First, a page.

Search programme

​Use the search function to search amongst programmes at Chalmers. The study programme and the study programme syllabus relating to your studies are generally from the academic year you began your studies.

Syllabus for

Academic year
FFR120 - Simulation of complex systems
Syllabus adopted 2013-02-20 by Head of Programme (or corresponding)
Owner: MPCAS
7,5 Credits
Grading: TH - Five, Four, Three, Not passed
Education cycle: Second-cycle
Major subject: Engineering Physics
Department: 16 - PHYSICS

Teaching language: English
Open for exchange students
Block schedule: D

Course module   Credit distribution   Examination dates
Sp1 Sp2 Sp3 Sp4 Summer course No Sp
0199 Project 7,5 c Grading: TH   7,5 c    

In programs



Professor  Martin Nilsson Jacobi

Course evaluation:


For single subject courses within Chalmers programmes the same eligibility requirements apply, as to the programme(s) that the course is part of.

Course specific prerequisites

The students are expected to have a background in natural science corresponding to an undergraduate education in mathematics, computer science, physics, chemistry, or biology. Furthermore, the students are expected to have programming experience in C, C++, Pascal, Matlab, or some other equivalent language.


The course introduces the students to three simulation techniques frequently used in complex systems: agent based modelling, networks, and cellular automata. Examples of applications in physics, biology and social science, are discussed. The aim of the course is to give the students a level of understanding for the three methods such that they can decide which method is suited for a specific problem, define and implement a moderate sized simulation project, and evaluate the results from their simulations.

Learning outcomes (after completion of the course the student should be able to)

After this course you will be able to
-Describe the fundamental ideas behind the three simulation methods discussed in the course, i.e., agent based modeling, networks, and cellular automata
-Implement simulation codes in each of the methods
-Analyze and discuss the results of simulations
-Plan, manage, execute and report a small-scale simulation project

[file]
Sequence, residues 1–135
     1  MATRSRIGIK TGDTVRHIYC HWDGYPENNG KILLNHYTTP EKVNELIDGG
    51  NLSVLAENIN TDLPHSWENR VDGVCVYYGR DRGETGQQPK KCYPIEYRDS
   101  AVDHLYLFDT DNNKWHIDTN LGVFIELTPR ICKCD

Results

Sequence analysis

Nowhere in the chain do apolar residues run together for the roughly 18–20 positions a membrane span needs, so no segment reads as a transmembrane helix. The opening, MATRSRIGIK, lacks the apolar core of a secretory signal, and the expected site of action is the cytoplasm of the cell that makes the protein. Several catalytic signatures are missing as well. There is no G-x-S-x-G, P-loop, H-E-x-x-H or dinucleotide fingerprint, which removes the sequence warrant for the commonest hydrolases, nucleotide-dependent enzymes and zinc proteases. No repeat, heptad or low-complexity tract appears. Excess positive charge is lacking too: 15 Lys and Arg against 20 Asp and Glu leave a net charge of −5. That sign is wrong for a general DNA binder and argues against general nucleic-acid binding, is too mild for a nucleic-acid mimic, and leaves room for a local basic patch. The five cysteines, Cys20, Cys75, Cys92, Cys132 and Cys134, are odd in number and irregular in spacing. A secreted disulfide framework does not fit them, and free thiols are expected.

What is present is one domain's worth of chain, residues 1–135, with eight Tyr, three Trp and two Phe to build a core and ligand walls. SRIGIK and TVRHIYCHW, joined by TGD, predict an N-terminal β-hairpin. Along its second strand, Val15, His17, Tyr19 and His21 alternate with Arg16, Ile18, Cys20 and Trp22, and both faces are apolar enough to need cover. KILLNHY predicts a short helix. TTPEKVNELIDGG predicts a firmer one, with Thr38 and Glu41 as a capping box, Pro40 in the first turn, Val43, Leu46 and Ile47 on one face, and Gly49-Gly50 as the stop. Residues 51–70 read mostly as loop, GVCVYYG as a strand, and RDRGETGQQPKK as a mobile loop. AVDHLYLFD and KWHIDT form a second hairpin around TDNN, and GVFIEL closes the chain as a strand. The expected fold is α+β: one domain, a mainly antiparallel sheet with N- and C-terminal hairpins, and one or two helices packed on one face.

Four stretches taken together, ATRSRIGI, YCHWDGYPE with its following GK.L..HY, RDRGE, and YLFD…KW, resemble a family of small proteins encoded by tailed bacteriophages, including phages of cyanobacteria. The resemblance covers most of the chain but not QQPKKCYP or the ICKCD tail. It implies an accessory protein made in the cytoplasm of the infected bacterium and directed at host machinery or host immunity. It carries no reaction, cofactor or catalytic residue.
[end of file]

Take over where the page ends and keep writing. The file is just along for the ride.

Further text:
Much of modeling in the sciences focuses on simple models, highlighting key mechanisms using small sets of moving parts. However, in complex systems the interesting features are often a direct result of having large sets of particles or agents with different characteristics. This makes new tools a necessity.
The course introduces three simulation techniques frequently used in complex systems to handle models with many heterogeneous parts: agent-based modeling, networks, and cellular automata. For each technique we discuss its background, where its strengths and weaknesses lie, and study some examples in physics, biology and social science.
The course is comprised of: 1) a set of lectures, giving background and basics of the simulation techniques; 2) computer labs, giving hands-on experience of the techniques and of analyzing models; and 3) a group project, training problem formulation, project work, and going more in-depth on a topic.


The course is based on a series of lectures covering the various topics. The students work on simulation projects in groups of two to four students. A tutor supervises each group. Complementary to the lectures there are supervised computer labs where the students solve a variety of small simulation tasks (some of which should also be reported as home assignments).


Handouts of shorter texts and articles related to the subjects discussed at the lectures.


The examination is based on
Homework assignments
Projects (oral presentation and written report)

Page manager Published: Mon 28 Nov 2016.